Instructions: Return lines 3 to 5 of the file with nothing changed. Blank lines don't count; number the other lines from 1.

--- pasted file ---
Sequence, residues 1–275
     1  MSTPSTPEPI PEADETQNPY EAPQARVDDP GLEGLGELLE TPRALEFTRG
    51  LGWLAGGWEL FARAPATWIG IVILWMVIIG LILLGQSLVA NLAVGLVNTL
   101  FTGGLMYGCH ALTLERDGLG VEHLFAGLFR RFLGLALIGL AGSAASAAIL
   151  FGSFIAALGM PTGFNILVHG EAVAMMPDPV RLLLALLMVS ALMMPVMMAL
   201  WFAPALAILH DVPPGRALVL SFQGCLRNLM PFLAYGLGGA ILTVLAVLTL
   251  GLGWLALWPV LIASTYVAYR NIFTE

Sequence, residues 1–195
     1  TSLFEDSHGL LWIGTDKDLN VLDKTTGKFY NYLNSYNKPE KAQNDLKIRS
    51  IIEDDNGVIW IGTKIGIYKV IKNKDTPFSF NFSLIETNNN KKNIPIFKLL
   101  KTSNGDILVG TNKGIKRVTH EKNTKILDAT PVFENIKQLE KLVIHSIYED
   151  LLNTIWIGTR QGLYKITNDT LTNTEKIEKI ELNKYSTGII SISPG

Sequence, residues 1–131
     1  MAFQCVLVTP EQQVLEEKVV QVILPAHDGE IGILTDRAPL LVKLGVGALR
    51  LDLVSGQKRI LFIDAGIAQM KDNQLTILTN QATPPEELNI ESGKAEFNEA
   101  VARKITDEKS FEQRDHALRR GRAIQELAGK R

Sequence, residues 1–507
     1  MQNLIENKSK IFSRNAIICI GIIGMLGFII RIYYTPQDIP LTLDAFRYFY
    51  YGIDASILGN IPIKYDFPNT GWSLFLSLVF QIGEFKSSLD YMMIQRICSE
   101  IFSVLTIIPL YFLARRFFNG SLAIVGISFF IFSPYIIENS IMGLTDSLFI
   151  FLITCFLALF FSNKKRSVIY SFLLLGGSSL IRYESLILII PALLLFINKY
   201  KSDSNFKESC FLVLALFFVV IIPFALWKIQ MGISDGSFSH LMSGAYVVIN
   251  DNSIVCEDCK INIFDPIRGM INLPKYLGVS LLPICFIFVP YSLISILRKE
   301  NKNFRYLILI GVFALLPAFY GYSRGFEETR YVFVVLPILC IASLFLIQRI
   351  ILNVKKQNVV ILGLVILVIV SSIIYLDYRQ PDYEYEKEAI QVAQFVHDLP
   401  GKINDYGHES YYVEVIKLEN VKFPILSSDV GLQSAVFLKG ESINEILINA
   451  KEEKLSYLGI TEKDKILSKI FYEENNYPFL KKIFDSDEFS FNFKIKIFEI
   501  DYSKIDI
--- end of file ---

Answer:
    51  LGWLAGGWEL FARAPATWIG IVILWMVIIG LILLGQSLVA NLAVGLVNTL
   101  FTGGLMYGCH ALTLERDGLG VEHLFAGLFR RFLGLALIGL AGSAASAAIL
   151  FGSFIAALGM PTGFNILVHG EAVAMMPDPV RLLLALLMVS ALMMPVMMAL